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Best Ways To Protect Children Online

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On the JJ Barnes Blog, as the online world becomes more and more present in society, I check out the best ways to protect children online when they’re playing games or interacting with friends.

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Internet Access For Kids

The digital landscape is ever-evolving, and with it, the way our children interact and explore the world. Games, social media, and online learning platforms have become an undeniable part of their lives and as much as I try to limit their access, I do feel like I’m fighting against a tidal wave.

Right now, I limit their online activity a lot. They’re not allowed any social media, I have the online community action disabled on their video games, and I don’t post their faces in online presence. However, I know that the older they get, the harder those restrictions will be to impose. More and more education is online, socialising online is a huge part of the youth experience now, and at some point, I have to let them go and exist in the world as adults.

As parents and caregivers, it’s our responsibility to navigate this digital frontier alongside our children, ensuring their online safety, so instead of pretending it isn’t happening, I want to go in with my eyes open and make sure healthy and safe habits are established early on.

In this blog post, I’ll delve into the best ways to protect children online. I’ll explore practical strategies you can implement, from fostering open communication to utilizing parental controls, to equip our children with the tools they need to be responsible and safe digital citizens.

To help me out, Marin Cristian-Ovidiu, the CEO and inventor of OnlineGames.io, sent over a list of top tips for how to keep your child safe from online abuse that I will explore.

Best Ways To Protect Children Online

Hide Your Child’s Personal Details  

Your child should create a nickname and use an avatar that has no connection to them, rather than displaying their real name and photo. They should never have any of their basic details (date of birth, school/college name, mobile number, and address) attached to their account, and they should never discuss them online. 

  • Protecting from Predators: Unfortunately, the anonymity of the internet can attract malicious individuals. Sharing personal details like real names, addresses, or phone numbers can make children vulnerable to online predators who may try to contact them or gather information for harmful purposes.
  • Preventing Identity Theft: Personal details like birthdays, home addresses, or even pet names can be used by identity thieves to create fake accounts or steal information. Teaching children to be cautious about what they share helps safeguard their identities.
  • Combating Cyberbullying: Sharing personal details online can inadvertently provide ammunition for cyberbullies. By limiting the information readily available, children are less exposed to the risk of targeted online harassment.
  • Developing Healthy Online Habits: Instilling a sense of online privacy early on fosters responsible digital citizenship. Children learn to be discerning about the information they share and develop healthy online habits that protect them not just now, but throughout their digital lives.

Show Them How To Spot Unsafe Adults

Warn your child that adults can masquerade as children to obtain sexual pictures or arrange secret meet-ups. Try to have as open and honest communication with your children as possible so the moment anybody looks like they might be approaching that boundary, they feel safe to come to you for support.

Teaching your children “red flags” to watch out for empowers them to navigate online interactions safely. The goal isn’t to instill fear in your child, but to empower them to identify potentially risky situations.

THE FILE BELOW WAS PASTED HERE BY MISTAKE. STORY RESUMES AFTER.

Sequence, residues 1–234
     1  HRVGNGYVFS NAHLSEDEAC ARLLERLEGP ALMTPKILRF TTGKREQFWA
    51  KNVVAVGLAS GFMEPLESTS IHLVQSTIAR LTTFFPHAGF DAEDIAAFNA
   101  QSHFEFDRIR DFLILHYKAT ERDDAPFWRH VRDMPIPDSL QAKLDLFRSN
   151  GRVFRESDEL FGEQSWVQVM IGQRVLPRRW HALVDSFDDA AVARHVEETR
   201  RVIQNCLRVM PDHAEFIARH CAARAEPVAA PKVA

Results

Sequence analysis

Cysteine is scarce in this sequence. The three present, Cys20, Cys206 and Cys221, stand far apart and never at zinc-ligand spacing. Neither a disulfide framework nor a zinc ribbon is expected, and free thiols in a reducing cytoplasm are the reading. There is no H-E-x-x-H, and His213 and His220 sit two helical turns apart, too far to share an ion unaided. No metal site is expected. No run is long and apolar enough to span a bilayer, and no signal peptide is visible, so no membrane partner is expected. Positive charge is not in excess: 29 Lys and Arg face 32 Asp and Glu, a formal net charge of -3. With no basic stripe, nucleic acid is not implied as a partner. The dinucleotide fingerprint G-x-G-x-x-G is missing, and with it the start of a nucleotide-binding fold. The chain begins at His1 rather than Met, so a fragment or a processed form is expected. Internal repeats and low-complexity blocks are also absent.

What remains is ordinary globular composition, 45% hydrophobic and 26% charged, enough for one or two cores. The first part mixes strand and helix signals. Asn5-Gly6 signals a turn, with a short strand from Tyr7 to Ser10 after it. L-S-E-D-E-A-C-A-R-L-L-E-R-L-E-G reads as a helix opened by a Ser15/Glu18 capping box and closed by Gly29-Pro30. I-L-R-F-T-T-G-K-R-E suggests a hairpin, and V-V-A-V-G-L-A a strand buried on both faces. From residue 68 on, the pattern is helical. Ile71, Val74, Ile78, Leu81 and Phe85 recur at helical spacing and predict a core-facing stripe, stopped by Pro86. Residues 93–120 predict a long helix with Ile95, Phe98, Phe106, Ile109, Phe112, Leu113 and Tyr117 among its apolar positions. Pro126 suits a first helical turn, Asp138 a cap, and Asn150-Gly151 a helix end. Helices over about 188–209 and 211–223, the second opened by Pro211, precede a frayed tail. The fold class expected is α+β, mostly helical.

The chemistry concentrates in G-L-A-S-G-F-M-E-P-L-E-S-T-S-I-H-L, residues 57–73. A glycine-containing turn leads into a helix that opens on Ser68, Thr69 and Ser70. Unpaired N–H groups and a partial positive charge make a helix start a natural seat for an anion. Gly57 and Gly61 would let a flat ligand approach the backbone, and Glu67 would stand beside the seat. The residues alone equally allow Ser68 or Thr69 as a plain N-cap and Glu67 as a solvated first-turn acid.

• Beware of Excessive Friendliness: Adults who shower children with compliments or gifts online are likely trying to gain their trust.
  • Adults asking for personal information: Explain that it’s never okay to share personal details like home addresses, phone numbers, or school names with strangers online.
  • Recognize Emotional Manipulation: Adults who try to make children feel bad about themselves or threaten them to keep secrets are potential threats.
  • Understand the Lure of “Exclusivity”: Adults who offer special favors or claim a “secret friendship” online are trying to isolate the child from trusted adults.
  • Uncomfortable conversations: Discuss the importance of respecting boundaries online. If someone asks questions or makes comments that make them feel uncomfortable, they should stop talking to them and tell you.

Cybercriminals often use in-game chats to perform their scams (e.g. offering fake loot boxes and downloads). Some try to get kids to give up their ‘skins’ (in-game cosmetic items) or in-app purchases by offering money. In some games, you can turn off the chat function to avoid these messages, but if you can’t, you should make sure your child is aware of the warning signs of a scam. 

  • Start Early: Don’t wait until there’s a problem. Begin conversations about online safety early, incorporating them into your regular discussions.
  • Create a Safe Space: Let your child know they can always come to you with any concerns or questions they have about their online interactions.
  • Focus on Feelings: Teach your child to be aware of their gut feelings. Explain that if something feels wrong or uncomfortable online, it probably is.

Also warn your child about behaviours known as trolling and griefing, where people deliberately play badly or do things that make games worse for their teams. Let them know that these people are out to provoke a reaction and the best thing they can do is ignore them.’

-Marin Cristian-Ovidiu

Create A Family Agreement

Discuss safety issues openly with your child, and encourage them to make an agreement with you about things they will and won’t do. This should cover points like how much screen time they’re allowed and an agreement to only play age-appropriate games. Encourage your child to tell you if there are issues, but monitor their games and conversations.

  • Gather the Family: Involve everyone in the discussion. This fosters a sense of ownership and accountability for the established rules.
  • Tailor it to Age: Consider your children’s age and maturity level. Younger children may need more specific guidelines, while teenagers may benefit from discussing broader topics like cyberbullying and online privacy.
  • Clear Expectations: It outlines agreed-upon boundaries for internet usage, including screen time, website restrictions, and responsible social media behavior.
  • Open Communication: The process of creating the agreement fosters open conversations about online safety concerns and potential risks.
  • Shared Responsibility: It establishes a collaborative approach to online safety. Parents set guidelines, while children understand the consequences of their online actions.